SFB will focus on the freight brokerage of silicon chips, which is a small and specialized niche within the broader freight brokerage industry. This focus is driven by several factors: 1) SFB’s extensive knowledge and expertise in both freight brokerage and silicon chips, 2) the continuous growth of the silicon chip industry due to our increasing reliance on technology, and 3) the ample opportunity for a new specialty freight brokerage company. SFB’s deep understanding of both the freight and chip industries allows us to provide valuable insights to our customers.

In terms of market segmentation, SFB will solely concentrate on the freight brokerage of silicon chips. The niche market consists of two distinct customer groups: chip manufacturers and processor manufacturers. The chip manufacturers can be further categorized into those with manufacturing facilities abroad and those in the U.S. Overseas chip manufacturers typically ship their chips to a U.S. ocean port, which are then transported by truck to processor manufacturers. On the other hand, chip manufacturers based in the U.S. transport their chips directly to the processor manufacturers via truck. Although chip production has largely shifted overseas, there are still chip manufacturers located in the U.S. The difference between the two types is minimal; SFB arranges for the carrier to pick up the chips either from the boat or the manufacturing facility. The responsibility for shipping or arranging pickup of the chips depends on the contractual terms between the buyer and seller.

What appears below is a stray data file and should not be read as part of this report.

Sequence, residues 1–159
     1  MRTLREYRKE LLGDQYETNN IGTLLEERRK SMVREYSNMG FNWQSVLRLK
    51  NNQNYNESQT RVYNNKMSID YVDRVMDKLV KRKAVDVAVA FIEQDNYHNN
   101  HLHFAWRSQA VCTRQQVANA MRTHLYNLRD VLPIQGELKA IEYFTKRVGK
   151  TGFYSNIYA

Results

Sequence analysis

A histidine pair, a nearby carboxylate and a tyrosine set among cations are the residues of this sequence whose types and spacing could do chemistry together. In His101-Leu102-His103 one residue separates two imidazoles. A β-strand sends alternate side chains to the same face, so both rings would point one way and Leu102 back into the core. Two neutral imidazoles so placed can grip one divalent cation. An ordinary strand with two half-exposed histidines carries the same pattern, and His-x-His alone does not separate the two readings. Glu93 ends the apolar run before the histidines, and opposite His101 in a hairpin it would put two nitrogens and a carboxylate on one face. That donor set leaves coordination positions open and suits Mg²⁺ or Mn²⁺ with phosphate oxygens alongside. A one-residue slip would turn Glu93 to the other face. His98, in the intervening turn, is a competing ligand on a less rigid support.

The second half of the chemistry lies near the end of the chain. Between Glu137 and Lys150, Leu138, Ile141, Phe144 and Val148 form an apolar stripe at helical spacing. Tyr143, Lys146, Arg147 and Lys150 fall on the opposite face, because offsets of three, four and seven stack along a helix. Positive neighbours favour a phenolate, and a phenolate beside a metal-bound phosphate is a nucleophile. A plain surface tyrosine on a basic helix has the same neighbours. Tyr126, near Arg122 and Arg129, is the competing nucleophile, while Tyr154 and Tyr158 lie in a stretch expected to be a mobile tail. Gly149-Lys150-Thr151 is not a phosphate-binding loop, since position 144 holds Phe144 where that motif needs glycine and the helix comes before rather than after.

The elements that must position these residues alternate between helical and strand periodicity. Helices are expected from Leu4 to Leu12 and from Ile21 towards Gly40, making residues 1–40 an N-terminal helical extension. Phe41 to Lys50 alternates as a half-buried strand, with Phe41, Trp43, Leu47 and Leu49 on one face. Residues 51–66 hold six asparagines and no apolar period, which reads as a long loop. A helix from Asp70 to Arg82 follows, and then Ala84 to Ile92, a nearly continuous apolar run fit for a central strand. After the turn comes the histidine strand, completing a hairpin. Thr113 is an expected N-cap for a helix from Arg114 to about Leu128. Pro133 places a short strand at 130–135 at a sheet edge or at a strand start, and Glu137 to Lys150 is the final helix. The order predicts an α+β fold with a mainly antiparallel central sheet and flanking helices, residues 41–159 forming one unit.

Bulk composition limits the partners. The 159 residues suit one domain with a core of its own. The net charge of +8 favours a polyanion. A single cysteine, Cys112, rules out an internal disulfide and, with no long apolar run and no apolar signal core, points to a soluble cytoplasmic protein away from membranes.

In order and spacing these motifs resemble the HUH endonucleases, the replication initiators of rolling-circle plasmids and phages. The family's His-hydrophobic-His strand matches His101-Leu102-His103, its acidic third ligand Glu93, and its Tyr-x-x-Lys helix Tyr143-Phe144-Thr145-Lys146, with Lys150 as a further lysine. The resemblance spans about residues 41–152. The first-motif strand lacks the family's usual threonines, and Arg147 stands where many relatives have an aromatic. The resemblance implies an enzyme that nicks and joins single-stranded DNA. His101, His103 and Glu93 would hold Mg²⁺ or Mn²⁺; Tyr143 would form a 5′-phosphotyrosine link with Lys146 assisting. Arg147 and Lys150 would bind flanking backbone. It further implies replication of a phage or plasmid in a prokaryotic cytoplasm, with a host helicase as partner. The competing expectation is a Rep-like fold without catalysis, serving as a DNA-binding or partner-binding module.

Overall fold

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The chip buyers are the processor manufacturers who incorporate the chips into their products. The largest processor manufacturers, Intel, Texas Instruments, and Motorola, are based in the U.S.

Freight Brokerage Business Plan Example

Market Analysis

Market Analysis
Year 1 Year 2 Year 3 Year 4 Year 5
Potential Customers Growth CAGR
Buyers 7% 340 364 389 416 445 6.96%
Sellers 6% 220 233 247 262 278 6.02%
Other 0% 700 700 700 700 700 0.00%
Total 3.09% 1,260 1,297 1,336 1,378 1,423 3.09%

4.2 Target Market Segment Strategy